Courage: Learned or Innate?

Over the last couple of years, courage has become more and more interesting to me.  I have come to understand that people move to compassion more easily than they move to courage.  I see a tremendous lack of courage in organizations and in our culture broadly.  And, I have come to see how that relates to apathy, depression, inefficiency, and inaction.  I have also seen courage defined in some pretty odd ways—more in terms of endurance:  the courage to take one more kick in the gut.

The American Heritage Dictionary, 3rd edition, defines courage as:

The state or quality of mind or spirit that enables one to face danger, fear, or vicissitudes with self-possession, confidence, and resolution; bravery.

It defines vicissitudes as:

One of the sudden or unexpected changes or shifts often encountered in one’s life, activities, or surroundings.

It’s not the ability to take another kick in the gut.

Some time ago, I found myself in an intense conversation with colleagues in the peacemaking community about whether courage was innate or learned.  I’m not sure we came to a conclusion as a group in that discussion, but it certainly refined my thinking.  I came away with a sense that it is both.

Some children seem to come into the world more fearless than others, and that can mature into courage, which indicates an awareness of the fear or danger and the strength to face it.  Some people manifest great courage when cast into extreme circumstances, as John McCain describes in Why Courage Matters.  Others learn it, at various rates, through the example of others, which is why the example described in Are You Tough Enough is such an important one.

Since we are mutually co-arising, the courage we each embody effects the courage we all embody.  So, when someone in your organization is showing courage, he or she is doing a greater part of the heavy lifting in relation to how courageous the organization is overall.

This complex topic, given the state of our organizations, bears some careful thinking.  The Organizational Courage Assessment created by Kilmann, O’Hara, and Strauss provides some interesting food for thought.  It measures courage through a range of observed behaviors in the organization.  You can take this inventory on your own or with a group.  And, if you take it in a group, you may or may not want an outside facilitator to help lead a discussion of your results which may lead to an action plan for improving courage in your organization or work group.

Lack of courage leads to such things as a victim identity and lack of innovation.  Cowardice, its opposite, can lead to some pretty vicious behavior toward others.  Often, it seems to me that the worst interpersonal behavior I see in organizations results from cowardice.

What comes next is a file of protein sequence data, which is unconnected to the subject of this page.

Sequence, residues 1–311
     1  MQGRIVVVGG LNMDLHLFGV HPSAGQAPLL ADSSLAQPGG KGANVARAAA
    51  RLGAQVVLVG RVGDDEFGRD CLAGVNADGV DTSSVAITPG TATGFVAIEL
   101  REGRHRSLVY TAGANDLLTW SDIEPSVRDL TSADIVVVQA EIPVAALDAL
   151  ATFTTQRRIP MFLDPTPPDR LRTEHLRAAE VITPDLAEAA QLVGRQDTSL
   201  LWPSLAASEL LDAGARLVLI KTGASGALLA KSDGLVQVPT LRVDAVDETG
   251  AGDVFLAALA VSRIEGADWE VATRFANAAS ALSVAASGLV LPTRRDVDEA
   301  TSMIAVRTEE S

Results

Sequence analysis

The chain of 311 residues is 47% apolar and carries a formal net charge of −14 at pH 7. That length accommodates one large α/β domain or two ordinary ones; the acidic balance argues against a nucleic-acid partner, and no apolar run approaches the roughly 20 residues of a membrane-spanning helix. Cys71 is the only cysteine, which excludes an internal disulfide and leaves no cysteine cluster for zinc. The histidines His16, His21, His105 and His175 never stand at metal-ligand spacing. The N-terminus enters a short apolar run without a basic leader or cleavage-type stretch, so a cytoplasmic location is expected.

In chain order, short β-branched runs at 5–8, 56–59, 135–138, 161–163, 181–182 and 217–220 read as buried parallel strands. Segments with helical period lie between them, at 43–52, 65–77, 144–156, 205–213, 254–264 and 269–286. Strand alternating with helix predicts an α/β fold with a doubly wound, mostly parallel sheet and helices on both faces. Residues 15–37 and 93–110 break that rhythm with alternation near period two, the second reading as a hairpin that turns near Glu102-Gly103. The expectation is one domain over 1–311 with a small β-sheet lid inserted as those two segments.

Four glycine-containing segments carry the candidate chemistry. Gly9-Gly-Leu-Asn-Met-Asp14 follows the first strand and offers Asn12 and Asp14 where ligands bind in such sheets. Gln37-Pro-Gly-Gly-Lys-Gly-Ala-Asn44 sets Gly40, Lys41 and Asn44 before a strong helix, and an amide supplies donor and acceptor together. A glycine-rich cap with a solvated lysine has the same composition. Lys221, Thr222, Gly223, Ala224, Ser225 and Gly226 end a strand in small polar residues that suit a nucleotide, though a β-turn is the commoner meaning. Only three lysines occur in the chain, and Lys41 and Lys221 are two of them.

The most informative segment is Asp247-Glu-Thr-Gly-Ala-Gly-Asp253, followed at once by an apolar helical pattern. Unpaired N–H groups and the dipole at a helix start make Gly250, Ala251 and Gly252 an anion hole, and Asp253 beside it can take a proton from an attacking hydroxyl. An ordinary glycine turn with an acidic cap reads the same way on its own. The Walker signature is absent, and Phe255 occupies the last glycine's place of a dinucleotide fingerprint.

Some people will say that it’s easy to understand why our courage flags:  we live in such difficult times.  It seems we have always lived in difficult times.  Even excess and abundance create their difficulties.  It’s just that, too often, we don’t notice that kind of difficulty very quickly.  We also live in times of great opportunity.  It’s often more a question of which opportunity to seize rather than whether there are any opportunities.  Even in times of economic straightening there are opportunities.. It’s just that they are more often created through our own ingenuity than handed to us by others.

How to “grow courage” was definitely an important sub-theme in that conversation with my colleagues.  The common theme seemed to be taking risk—regularly, intelligently, and progressively.  Building risk tolerance seems to build “courage muscles.”  Not engaging with risk seems to diminish courageousness.

Risk can occur in many forms.  It includes speaking up to someone who you perceive to be an authority figure.  It can include designing and launching a new product, changing jobs or careers, starting a new course of study, moving to a new town or country—or repairing a valuable relationship which has become damaged.

One thing that is clear to me is that courage starts with individuals—not systems.  But, the quality of the system is definitely informed by the nature of the courage of the individuals.  And, it’s clear that courage in the face of great hostility or overweening power, whether it is authority or influence based, can be fatiguing.  That does not mean we should not be courageous and seek to be the heroes of our own lives, whatever that may mean to each of us.

A few years ago, I was talking with a colleague in the workplace about a difficult decision we needed to make that could cause him to take action that could be dangerous to his career prospects.  I acknowledged this and raised the question of whether, in his current role, he had sufficient power to move the initiative forward.  He sat up in his chair, smiled, thumped his chest with his forefinger and said, “I have all the power I need right in here.”  That stuck with me.  We all have all the power we need right within ourselves, and if we don’t think we do, it’s time to build some courage muscles.

  • Alicia

    Jean, thank you for this article. I timely read for me today as I prepare for my talk at the XP2014 conference next week!

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